Offering a new centralised feed for writers and readers to post, like, reply, and retweet (well, “restack”) short missives in a rather familiar format, could Substack’s Notes feature be the Twitter alternative we are all wishing for? 

“Our goal is to foster conversations that inspire, enlighten, and entertain,” Substack stated in the launch announcement. In juxtaposition to a billionaire wasting all of our time, this announcement sounds so simple and promising. Could this Notes feature be a glimmer of hope that the internet might still be the dignified place for interacting with real people and finding interesting things that we’re always trying to pretend it was meant for. In a way, it’s a genius move—especially considering Elon Musk’s subsequent fit trying to ban Substack links in apparent retaliation—and considering how Substack has been trying to live up to its $585 million valuation in the years since the rampant newsletter gold rush of 2019 to 2021.

Not since the golden days of late 2000s Facebook has one tech platform managed to create some version of a walled garden where users would stay in one place to find and consume content. Substack, which reports more than 35 million active subscriptions, of which 2 million are in the paid tier, excelled at giving users intuitive tools for making content (newsletters) and monetizing it. While many were accessing Substack via their inbox, it launched its own app last year as a way for more people to spend time on the platform itself. In order to make the $5ish/month subscription compelling, the price of grazing around—say you just want to read a few editions of someone’s paywalled newsletter, instead of committing your poor inbox (or credit card) to yet another subscription—has remained high. 

And so the riddle of discovery—to help people find cool new stuff they weren’t already looking for, on the platform’s own turf—has been a particular challenge for Substack. Now, if Notes can grow into even a fraction of Twitter’s scale and become the new reliable, well-populated spot for digital window-shopping, Substack could very well turn a little corner  of the internet into a company town. “The ultimate goal on this platform is to convert casual readers into paying subscribers,” Substack’s Notes announcement said. It’s the common prayer of the digital publisher at this point.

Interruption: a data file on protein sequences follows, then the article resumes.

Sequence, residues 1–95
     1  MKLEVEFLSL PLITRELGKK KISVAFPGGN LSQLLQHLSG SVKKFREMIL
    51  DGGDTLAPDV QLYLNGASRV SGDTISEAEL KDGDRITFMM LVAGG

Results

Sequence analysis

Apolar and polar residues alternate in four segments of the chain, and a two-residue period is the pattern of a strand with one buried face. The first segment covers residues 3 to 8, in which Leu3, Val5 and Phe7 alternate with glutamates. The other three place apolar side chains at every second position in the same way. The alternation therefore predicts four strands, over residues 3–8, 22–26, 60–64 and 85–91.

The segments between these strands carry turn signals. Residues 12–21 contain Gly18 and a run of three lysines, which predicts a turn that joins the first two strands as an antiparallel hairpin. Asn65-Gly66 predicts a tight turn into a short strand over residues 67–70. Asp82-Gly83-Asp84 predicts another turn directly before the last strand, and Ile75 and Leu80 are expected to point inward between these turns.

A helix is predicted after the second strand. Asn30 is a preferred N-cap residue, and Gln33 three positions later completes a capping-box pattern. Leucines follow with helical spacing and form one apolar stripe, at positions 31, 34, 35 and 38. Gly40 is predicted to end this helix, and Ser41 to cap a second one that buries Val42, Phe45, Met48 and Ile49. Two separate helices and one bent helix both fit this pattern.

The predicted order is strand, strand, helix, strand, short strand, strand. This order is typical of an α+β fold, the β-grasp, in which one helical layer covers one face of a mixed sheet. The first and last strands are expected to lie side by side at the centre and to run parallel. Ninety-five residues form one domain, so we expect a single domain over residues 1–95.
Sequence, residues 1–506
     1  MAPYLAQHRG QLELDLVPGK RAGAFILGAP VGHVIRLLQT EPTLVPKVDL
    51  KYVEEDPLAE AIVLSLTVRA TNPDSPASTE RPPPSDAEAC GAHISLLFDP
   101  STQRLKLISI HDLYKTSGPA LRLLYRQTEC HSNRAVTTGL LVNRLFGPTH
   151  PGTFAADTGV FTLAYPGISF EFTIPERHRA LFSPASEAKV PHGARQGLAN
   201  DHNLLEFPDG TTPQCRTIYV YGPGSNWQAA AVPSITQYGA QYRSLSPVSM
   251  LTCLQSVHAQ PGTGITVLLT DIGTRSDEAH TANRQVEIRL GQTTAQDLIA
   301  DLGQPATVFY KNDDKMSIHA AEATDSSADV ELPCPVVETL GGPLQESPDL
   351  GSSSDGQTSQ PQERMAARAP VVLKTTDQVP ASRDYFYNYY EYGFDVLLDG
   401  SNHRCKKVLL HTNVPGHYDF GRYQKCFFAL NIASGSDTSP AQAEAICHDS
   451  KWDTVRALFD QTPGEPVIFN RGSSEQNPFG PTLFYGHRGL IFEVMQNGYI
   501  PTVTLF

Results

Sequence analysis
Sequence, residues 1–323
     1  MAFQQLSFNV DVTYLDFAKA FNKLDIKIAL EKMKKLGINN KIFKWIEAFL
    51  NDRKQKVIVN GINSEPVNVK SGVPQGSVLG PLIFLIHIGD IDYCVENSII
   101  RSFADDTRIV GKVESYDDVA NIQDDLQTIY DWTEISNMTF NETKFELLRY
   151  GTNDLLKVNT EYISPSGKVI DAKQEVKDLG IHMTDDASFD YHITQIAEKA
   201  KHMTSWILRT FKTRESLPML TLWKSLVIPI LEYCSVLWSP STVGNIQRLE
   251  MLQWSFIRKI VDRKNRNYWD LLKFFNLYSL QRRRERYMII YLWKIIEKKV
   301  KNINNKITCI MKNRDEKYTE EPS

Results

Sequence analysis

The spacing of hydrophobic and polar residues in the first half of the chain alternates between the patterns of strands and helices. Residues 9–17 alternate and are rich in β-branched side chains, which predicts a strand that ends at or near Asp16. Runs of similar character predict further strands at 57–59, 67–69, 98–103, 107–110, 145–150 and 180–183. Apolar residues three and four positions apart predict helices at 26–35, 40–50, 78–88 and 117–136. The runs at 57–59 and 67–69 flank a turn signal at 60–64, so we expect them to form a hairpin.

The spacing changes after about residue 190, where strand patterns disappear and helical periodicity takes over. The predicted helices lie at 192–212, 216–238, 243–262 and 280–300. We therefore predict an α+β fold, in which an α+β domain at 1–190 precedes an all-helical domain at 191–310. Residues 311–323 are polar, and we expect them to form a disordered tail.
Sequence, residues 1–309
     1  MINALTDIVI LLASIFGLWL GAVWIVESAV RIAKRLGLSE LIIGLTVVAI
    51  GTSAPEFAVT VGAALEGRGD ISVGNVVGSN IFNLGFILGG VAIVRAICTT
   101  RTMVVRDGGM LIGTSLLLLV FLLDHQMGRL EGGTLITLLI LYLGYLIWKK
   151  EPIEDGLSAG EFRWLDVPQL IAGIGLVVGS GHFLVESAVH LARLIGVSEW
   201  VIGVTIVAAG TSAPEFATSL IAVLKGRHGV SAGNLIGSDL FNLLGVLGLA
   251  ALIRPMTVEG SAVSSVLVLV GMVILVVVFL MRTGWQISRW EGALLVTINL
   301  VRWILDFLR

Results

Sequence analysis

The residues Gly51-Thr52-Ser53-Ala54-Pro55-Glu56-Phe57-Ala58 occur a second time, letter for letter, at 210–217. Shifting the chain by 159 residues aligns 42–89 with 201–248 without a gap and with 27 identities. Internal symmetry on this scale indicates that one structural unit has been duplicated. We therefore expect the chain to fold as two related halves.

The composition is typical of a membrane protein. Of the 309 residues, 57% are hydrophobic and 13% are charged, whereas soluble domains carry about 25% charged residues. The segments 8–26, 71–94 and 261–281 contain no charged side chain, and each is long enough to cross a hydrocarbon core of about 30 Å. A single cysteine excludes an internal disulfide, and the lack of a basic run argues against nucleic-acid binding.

The app itself is pretty calm. There is no ranking algorithm and no ads. No one is going viral. You can only see posts from who you’re subscribed to, plus who they’re subscribed to on the home feed.

However, building a Twitter clone apparently isn’t the stated intention here. Notably, Substack refers to itself as a subscription network, not a social media network. “While attention is the lifeblood of ad-based social media, a subscription network’s lifeblood is the money that gets paid to people who are doing worthy work within it,” said a company spokesperson to Vanity Fair. The bet here with Notes is that instead of trying to game an algorithm to win nonsensical clout points (i.e., going viral on Twitter), writers will spend more time establishing themselves as someone worth forking a few dollars over for each month. This falls in line with the general monetization-ification of the internet as a whole lately, which itself carries the potentially disheartening effect of sectioning off quality digital consumption as a paid experience—but at least the ’stack isn’t being coy about it. 

The true test of whether Notes has the potential to become the new predominant will be content moderation. So long as Notes remains algorithm-less and small-scale enough, what will the inevitable digital pile-on look like when someone posts something even a little controversial? Will the “discourse” stay contained and confined to the bounds of individual subscriber circles, or will everything still snowball into a hellscape timeline of a slightly different flavour? 

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